A much publicized skiing accident in Mont Tremblant Ski Resort last year that claimed the life of actress Natasha Richardson caused people to revisit the issue in depth. Richardson, a beginner skier, wasn’t wearing a helmet when she fell on a bunny hill.
Also last year a snowboarder who wasn’t wearing a helmet died at Big White, but other pertinent information, like how fast he was going, are unknown making it uncertain whether not wearing a helmet could have prevented his demise.
Head injury was the second highest cause of death among skiing or snowboarding fatalities in B.C. from 2000 to 2009.
The Canadian Medical Association Journal found helmet users who get into an accident are 35 per cent less likely to have a head injury than those who don’t wear helmets.
While helmets do provide some protection, other factors should be considered.
Research shows that people who wear helmets take greater risks when skiing or snowboarding due to an incorrect understanding of its benefits and limitations.
Dr. Jasper Shealy, who specializes in researching ski and snowboard-related head injuries, explains this phenomenon: “Cars equipped with antilock brakes systems (ABS) are involved in more single car collisions than cars without ABS. Not because cars equipped with ABS are less capable, but because humans drive cars equipped with ABS differently than cars without ABS.”
This misguided confidence is something people need to be aware of, whether they’re driving a car or skiing down a mountain with a helmet on. There’s a limit to the amount of force a helmet can take, so if you hit a tree while skiing or riding too fast, wearing a helmet is probably not going to help.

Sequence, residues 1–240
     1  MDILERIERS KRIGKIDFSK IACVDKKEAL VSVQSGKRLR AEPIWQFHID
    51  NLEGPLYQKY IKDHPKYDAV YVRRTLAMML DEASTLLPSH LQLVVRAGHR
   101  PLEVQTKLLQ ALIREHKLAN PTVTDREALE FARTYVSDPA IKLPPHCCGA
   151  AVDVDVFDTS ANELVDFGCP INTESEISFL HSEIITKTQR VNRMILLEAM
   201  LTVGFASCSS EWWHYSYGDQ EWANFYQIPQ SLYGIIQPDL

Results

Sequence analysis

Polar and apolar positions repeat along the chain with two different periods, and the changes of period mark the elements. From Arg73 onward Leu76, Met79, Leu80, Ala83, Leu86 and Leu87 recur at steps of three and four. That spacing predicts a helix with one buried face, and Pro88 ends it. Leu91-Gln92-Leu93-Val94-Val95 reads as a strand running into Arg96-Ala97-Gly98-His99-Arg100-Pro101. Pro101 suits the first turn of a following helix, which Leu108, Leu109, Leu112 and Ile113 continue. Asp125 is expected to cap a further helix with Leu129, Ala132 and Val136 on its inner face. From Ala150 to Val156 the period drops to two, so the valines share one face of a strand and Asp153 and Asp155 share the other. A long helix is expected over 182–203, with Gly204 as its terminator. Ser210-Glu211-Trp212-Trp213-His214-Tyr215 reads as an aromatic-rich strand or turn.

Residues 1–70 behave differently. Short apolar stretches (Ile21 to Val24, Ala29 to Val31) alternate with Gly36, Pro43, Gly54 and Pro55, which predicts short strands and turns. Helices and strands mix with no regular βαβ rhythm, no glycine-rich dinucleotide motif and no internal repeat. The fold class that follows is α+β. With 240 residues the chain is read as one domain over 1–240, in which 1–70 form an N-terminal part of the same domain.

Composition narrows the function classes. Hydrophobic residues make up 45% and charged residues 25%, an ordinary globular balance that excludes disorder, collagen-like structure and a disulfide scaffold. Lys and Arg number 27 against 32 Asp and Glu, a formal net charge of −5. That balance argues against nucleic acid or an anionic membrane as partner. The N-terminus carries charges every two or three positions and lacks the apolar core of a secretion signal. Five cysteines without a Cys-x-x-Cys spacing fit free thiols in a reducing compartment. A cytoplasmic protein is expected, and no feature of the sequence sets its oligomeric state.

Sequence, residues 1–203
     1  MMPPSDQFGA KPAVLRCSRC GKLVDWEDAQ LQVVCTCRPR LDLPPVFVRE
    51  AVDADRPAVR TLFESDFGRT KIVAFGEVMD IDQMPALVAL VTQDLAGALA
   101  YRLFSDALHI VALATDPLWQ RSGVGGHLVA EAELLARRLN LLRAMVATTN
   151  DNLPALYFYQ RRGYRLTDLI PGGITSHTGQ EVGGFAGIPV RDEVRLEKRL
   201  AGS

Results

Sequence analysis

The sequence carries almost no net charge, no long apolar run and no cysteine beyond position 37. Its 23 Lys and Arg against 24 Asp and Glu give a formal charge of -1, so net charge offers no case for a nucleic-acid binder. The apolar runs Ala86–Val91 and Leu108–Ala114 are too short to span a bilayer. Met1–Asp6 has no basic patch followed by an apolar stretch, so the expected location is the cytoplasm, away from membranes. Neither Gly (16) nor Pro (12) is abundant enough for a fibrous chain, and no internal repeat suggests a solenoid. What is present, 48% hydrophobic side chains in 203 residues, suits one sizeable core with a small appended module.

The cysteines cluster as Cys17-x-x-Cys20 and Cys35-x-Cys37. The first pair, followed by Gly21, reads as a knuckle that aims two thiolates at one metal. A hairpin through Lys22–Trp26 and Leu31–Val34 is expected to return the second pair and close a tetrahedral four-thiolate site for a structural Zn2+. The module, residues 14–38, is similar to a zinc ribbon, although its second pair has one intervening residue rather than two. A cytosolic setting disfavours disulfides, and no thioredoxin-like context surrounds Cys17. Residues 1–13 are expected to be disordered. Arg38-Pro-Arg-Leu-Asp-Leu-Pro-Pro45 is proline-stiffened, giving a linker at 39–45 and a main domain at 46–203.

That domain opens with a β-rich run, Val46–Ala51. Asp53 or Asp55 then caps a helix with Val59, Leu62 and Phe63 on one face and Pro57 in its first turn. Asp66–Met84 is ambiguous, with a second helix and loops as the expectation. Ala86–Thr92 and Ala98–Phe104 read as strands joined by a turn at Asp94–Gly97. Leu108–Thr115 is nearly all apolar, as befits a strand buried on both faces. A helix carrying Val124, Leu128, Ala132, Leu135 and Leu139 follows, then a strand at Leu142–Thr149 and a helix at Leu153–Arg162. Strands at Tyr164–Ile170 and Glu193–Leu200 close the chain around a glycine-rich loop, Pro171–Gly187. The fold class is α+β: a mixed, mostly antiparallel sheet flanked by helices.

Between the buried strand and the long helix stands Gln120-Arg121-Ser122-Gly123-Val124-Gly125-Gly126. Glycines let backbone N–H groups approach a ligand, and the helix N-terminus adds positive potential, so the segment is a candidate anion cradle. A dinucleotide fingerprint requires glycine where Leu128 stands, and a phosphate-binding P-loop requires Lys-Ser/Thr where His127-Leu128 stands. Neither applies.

While some ski resorts enforce a mandatory helmet policy, the Canada West Ski Areas Association members, including Sun Peaks Resort, are letting their clients decide. The association’s helmet policy encourages the use of helmets while stressing the importance of skiing and riding “in a controlled and responsible manner.”
“People need to be aware that a helmet could potentially save their lives,” said Valerie Powell, Canada Safety Council’s communications and media coordinator.
However, Powell wants to dispel the myth that a helmet is foolproof. “Ski or snowboard as if you’re not wearing a helmet,” she cautioned.
Some people don’t wear helmet due to habit. Younger ones may think helmets are not “cool”, which Powell thinks is “kind of sad.” After all, a brain injury is irreversible.
“We definitely think all parents should make their kids wear helmets while they’re on the ski hill.”
Choosing the right helmet and knowing how to use it properly determines how well it can protect you in the event of a crash.
Buying helmets that carry a European or American safety certification is recommended. To provide the best protection possible, it should also be the right size and mustn’t be worn loose.
Wearing a helmet and practising common sense when on the slopes is the winning formula to help prevent injury. So put a lid on it.
For more information on the benefits of wearing a helmet, visit www.safety-council.org.